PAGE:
Thanks for the interesting review and your self-analysis. Over the years I've discovered that many people will refer to plays, poems, or even novels as "heavy" if they didn't understand them. Obviously, Godot struck a chord with you, and we (the readers) are better for it.

Jim Murdoch said...

My first experience of Godot – indeed, my first experience of Beckett – was courtesy of The Open University. I had to get up at some god-awful time in the morning to see it. This would be thirty years ago. I was nineteen. Vladimir was played by the incomparable Max Wall and Vladimir by Leo McKern. I was gobsmacked and made my wife and a girl who was staying with us at the time get up the following morning with me to watch it. To my surprise the thing did not grab them in the same way. The next time it was on, some months later – again at the crack of dawn – I got up alone to watch it and I would dearly love to have a copy of that, my first Godot.

I agree with you though, I have always seen Vladimir as the hero of the piece but then he's the thinker of the two; Estragon feels. I also have the DVD you speak of and it's not that long ago I sat my daughter down to watch it. I would agree, if any two men were born to play Didi and Gogo then it was these two.

Øyvind said...

Nist post Ken! In Norway earlier this year the producer stopped a female-version of the play in a Norwegian theatre. They refused to see a version have 3 females in the play.

There were plays set up here a few years ago but I didn't get the chance to see it.

Dave King said...

I'm not sure what you are suggesting.. is it that the play has become harder toget over the intervening years? I saw it in its heyday when it was fresh amd really controversial. Okay, I didn't get it straight off, 100%, but wow, how I enjoyed it!

Matthew S. Urdan said...

Interesting. See my post Monday.

Ken Armstrong said...

As an added treat - you treasured visitors of the comments-section - here's 59 seconds of the play with the incomparable Barry McGovern musing darkly...

'Waiting For Godot'

Dominic: I found your story very interesting and I followed the link you kindly supplied to even more interesting information, thanks indeed.

Fragileheart (Reggie, if I may...) Hopefully you'll see another play or two in excellent company when you visit us as the year turns. :)

Hi Sharon: Yes, 'I don't understand' and 'heavy' do seem to go hand in hand, don't they?

Hi Jim, good that - I had the same kind of thing with a late night TV viewing of the Donmar Warehouse production of 'Cabaret' - I know, I know, it ain't Godot but, God, it impressed the hell out of me. I haven't seen it since and some people now tell me I imagined it ever being on television but it was, it was... :)

I am interested that you agree on my Didi-as-hero viewpoint - for some reason I didn't think you would.

Oh and I never mentioned the other actor - I always think of Godot as a four-hander but, of course, it is five. The little boy was portrayed in the production as quite angelic and a little mystical and other-worldly - the kid playing it was great but I wasn't gone on the reverential treatment his part was given.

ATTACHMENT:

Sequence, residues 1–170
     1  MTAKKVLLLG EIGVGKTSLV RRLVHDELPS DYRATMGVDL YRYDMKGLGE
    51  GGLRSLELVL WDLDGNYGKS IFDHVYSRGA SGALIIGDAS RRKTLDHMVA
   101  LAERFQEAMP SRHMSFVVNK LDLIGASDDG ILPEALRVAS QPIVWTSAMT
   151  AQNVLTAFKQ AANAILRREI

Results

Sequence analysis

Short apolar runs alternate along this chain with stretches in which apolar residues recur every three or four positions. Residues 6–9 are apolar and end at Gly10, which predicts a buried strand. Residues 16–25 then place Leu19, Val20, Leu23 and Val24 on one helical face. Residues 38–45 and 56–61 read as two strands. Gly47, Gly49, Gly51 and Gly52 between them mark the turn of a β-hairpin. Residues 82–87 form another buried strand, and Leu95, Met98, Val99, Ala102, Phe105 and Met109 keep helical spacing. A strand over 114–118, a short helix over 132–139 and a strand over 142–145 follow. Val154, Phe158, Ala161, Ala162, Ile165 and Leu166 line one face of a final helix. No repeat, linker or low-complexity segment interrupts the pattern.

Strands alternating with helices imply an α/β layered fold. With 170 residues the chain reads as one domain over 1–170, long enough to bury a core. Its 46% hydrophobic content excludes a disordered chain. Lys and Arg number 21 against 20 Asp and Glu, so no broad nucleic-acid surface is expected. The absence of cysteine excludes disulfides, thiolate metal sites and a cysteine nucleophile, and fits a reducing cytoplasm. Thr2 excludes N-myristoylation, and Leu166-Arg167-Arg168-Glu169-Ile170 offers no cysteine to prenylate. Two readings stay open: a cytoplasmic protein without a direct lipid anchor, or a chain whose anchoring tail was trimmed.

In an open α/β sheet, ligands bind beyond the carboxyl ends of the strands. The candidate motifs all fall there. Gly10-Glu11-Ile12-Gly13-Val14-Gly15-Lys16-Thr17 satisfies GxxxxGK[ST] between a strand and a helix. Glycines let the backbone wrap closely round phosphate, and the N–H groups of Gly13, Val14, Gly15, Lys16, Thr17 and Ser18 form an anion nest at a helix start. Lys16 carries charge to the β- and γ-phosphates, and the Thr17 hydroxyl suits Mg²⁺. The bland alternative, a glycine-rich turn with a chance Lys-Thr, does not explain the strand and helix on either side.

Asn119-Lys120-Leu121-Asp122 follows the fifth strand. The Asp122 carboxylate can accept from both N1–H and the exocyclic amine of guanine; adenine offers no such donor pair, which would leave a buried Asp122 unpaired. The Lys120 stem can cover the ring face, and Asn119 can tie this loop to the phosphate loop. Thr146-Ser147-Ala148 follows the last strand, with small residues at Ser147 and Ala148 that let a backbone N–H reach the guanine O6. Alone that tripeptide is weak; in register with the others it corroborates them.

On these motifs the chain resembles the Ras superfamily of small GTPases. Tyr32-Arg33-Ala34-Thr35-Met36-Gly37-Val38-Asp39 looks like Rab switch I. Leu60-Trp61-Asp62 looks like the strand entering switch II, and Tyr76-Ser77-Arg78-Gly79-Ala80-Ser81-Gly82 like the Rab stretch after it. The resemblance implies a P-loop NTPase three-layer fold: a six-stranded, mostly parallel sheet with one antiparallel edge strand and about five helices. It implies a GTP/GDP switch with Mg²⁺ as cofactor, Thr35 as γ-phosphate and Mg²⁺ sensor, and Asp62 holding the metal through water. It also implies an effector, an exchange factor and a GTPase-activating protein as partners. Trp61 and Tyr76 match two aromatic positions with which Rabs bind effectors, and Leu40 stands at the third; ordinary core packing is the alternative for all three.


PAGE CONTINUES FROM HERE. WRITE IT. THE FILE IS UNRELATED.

Hi Øyvind , I've read that the Beckett Estate is particularly reticent to see productions which veer in any way radically from the text. I'd like to see the gals do it. Why not? :)

Hiya Dave - no, I don't think the play is harder to get, really. All I was trying to say, without sounding vain about it, was that the work I have done with the play in previous years has constituted a sort of 'study' of the text and I think I was better equipped to enjoy the evening as a result of my groundwork. It sound kind of obvious when I put it that way. perhaps the converse is more interesting - some things take a little work to enjoy but you enjoy them all the more for having put the work in.

That's clearer eh? :)

Thanks Matt, what 'you cookin' now, you ol' devil? :)

Jim Murdoch said...

Without a doubt, Ken. I can see him now at the end of the second act, with his eyes screwed up - I've nearly worked it out, I've nearly worked it out - and then Gogo distracts him and the day is done to begin again.

On the female Godot, just to mention, Beckett was vehemently opposed to any performance with females and he was surprisingly tolerant of innovative approaches to his work which is not how he is usually seen. But a female Godot...no way.

Jenn Thorson said...

I'm rather surprised that an audience going to Godot wouldn't already have an idea what to expect...

It seems to me a person doesn't pop into an existentialist play on whim just on the way to the pharmacy/chemist-- you tend to enjoy those things already. Or at least know what they are and wish to see them live.

Susan said...

I love this. I've seen Godot three times: twice in French and once in Irish, and I'd love to see it in English someday. I hated it the first time I saw it, and liked it better after.

Thanks for sharing the Go Deo insight; I wouldn't put it past Beckett to come up with a title that intrigued on several levels, this way. The theories may well ALL be right.

Ken Armstrong said...

Thanks for reply Jim: It was fun to spot some little differences in this production to the 'DVD' one.

Lucky used his 'Quaquaquaque' as if he were a goose, chasing the curious Didi and Gogo away.

And the moon, the moon was *so* beautifully done... really.

It's a good point Jenn - the thing is, this was a high profile, dare I say a 'society' event for the town so some of the people who came really did not know quite what they were in for.

I really don't think it needs to be feared as an existentialist play.

I can view it in one way simply as a scenario like Cormac McCarthy's 'The Road'. The world we all knew is over and done and now a bunch of misfits, who have been made obtuse and eccentric by their trauma, try to survive as best they can on harsh reality and the last vestiges of hope...

I agree Susan - I really think old Samuel had all the bases covered with practically everything he wrote :)

Margaret said...

Alas, our local playhouse has closed down. Not enough support in these troubled financial times and this being a mostly rural area. I'll have to check out Newberry to see if they're offering Beckett.

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Ken Armstrong said...

Margaret: I fear troubled times may close many a playhouse down before we're done. Like Cliff Richard, many moons ago, we'll have to put the show on right here, in the barn... :)